The biggest problem is that companies are trying to hold on to the old ways of doing business. They’re locked into an obsolete marketing culture, a budget that funds stuff that doesn’t work any more, and ad agency relationships not built for this day. So, they try to go on with their “normal” marketing programs in an abnormal time.

An example of a recent ad that I HATE:

lousy at&t ad

This week, AT&T brought back the beloved “Lily” character, an actress playing an in-store sales rep. I liked the funny Lily commercials of the past but this new series falls flat.

Lily claims that she is now “working from home” (wearing her neatly pressed uniform and name tag?) and that she is there “to help.” How is she helping us? She wants to sell us a new iPhone.

And oh yes, her new best friend is a guitar that she pasted some eyes on, a tone-deaf joke poking fun at our isolation and the serious problem of mental illness devastating millions of lonely people and families.

This is everything wrong with marketing right now. When I view this ad, all I can see is some New York agency trying too hard to be funny and a desperate attempt at relevance.

There is nothing in this ad that is actually real, human, helpful, or authentic … let alone vulnerable.

In real life, Lily would probably be saying: “Hi! Remember me? I just got laid-off from AT&T because our stores are closed. Can anybody help me figure out how to file for unemployment?”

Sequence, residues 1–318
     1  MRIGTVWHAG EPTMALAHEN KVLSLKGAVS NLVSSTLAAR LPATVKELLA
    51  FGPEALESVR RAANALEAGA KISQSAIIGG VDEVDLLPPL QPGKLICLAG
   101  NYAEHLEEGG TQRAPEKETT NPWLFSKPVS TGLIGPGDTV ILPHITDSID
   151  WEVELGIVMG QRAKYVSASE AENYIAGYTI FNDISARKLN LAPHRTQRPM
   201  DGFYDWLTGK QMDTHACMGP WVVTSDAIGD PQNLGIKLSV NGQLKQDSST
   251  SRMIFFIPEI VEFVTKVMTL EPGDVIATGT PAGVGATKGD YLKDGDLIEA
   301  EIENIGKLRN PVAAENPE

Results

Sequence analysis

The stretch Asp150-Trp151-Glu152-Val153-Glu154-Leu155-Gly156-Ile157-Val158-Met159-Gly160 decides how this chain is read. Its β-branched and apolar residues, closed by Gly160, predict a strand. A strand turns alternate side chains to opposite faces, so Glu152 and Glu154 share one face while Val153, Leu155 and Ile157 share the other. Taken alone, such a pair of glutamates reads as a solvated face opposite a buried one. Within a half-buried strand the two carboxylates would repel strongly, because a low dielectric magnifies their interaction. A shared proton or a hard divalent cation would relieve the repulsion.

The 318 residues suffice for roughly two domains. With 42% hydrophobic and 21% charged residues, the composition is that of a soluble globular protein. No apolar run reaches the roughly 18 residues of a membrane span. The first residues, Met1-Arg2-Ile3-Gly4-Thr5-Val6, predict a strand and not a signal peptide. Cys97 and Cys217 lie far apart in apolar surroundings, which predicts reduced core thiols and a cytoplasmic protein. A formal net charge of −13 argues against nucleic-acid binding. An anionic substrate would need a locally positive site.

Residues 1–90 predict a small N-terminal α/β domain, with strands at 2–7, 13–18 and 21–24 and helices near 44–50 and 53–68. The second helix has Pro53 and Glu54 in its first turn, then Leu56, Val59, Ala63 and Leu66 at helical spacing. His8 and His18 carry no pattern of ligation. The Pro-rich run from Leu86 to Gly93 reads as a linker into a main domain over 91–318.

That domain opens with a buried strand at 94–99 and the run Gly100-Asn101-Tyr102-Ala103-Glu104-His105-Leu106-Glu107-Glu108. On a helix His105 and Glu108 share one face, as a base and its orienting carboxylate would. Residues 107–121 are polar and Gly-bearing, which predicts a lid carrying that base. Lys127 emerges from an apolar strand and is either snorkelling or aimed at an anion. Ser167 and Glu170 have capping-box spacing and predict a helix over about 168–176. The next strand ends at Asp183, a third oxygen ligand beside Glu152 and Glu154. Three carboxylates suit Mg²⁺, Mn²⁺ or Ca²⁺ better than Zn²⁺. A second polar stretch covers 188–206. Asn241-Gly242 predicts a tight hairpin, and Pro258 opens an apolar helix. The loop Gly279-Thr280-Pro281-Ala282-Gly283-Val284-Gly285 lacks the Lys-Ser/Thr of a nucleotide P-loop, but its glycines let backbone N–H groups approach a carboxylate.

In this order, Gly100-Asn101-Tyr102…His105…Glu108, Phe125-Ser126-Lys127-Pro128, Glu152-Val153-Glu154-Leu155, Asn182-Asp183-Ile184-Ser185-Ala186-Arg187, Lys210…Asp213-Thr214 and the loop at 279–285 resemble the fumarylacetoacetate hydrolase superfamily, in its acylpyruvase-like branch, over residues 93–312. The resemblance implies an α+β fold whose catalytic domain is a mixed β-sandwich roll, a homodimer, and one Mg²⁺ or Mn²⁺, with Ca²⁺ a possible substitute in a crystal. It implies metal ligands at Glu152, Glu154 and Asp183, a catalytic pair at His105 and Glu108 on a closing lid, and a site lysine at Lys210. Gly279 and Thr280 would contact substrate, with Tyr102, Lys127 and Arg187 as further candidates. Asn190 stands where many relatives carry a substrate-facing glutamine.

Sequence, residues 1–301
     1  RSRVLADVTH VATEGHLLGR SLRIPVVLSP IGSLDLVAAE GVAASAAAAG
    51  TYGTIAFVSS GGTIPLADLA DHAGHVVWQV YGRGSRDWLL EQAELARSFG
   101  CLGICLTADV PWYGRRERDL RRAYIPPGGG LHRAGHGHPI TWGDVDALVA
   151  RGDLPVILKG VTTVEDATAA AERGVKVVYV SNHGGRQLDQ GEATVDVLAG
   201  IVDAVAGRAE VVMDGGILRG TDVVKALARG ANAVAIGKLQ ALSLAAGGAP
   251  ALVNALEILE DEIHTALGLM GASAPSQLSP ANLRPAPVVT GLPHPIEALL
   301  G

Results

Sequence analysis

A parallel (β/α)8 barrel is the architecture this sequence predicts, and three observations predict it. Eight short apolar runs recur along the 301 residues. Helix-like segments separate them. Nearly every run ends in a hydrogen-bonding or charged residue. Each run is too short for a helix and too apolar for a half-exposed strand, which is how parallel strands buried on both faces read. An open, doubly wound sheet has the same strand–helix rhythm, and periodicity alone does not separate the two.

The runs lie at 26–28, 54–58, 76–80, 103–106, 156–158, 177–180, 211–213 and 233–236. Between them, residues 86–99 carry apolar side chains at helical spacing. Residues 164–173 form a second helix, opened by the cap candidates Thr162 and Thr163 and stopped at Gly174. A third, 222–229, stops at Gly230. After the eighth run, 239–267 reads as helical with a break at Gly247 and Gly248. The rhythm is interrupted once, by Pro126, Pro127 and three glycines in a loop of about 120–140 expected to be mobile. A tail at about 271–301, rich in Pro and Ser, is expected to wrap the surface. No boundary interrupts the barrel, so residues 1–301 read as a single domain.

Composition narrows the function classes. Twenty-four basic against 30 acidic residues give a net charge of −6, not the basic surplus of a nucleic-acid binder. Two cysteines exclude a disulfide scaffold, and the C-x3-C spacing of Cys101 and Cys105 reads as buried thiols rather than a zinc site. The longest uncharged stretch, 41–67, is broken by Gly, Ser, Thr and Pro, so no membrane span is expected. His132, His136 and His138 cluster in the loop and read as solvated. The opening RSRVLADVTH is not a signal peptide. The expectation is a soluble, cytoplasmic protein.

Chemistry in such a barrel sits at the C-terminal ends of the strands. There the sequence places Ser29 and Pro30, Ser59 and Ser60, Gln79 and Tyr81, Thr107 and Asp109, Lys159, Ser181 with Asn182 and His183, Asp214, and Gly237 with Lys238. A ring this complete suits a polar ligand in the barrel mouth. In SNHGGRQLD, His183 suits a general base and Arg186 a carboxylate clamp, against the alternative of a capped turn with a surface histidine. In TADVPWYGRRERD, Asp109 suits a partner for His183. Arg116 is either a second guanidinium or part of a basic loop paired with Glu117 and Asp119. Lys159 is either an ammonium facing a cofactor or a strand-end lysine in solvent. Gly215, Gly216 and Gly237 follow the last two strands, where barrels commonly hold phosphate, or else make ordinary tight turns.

I don’t want to hear a fake employee tell me AT&T is “with us.” I want to see a company show up and actually do something. Side note: AT&T’s website claims that part of its COVID assistance is offering the ability to pay bills online. Woo-hoo!

Making the same old ads with the same old messages is a failure in leadership. Somebody at AT&T knows how to be human in a crisis. But they probably can’t do it when their company is locked into marketing practices from 1998.

And it’s not just AT&T. It’s a problem almost everywhere I look.

Time to step up

Here is an organizational truth. There’s no such thing as a grassroots cultural change.

If your company is slogging through this global crisis trying to do the same kind of marketing and ads you’ve always done it’s because your leadership team (which may include you) can’t or won’t adjust.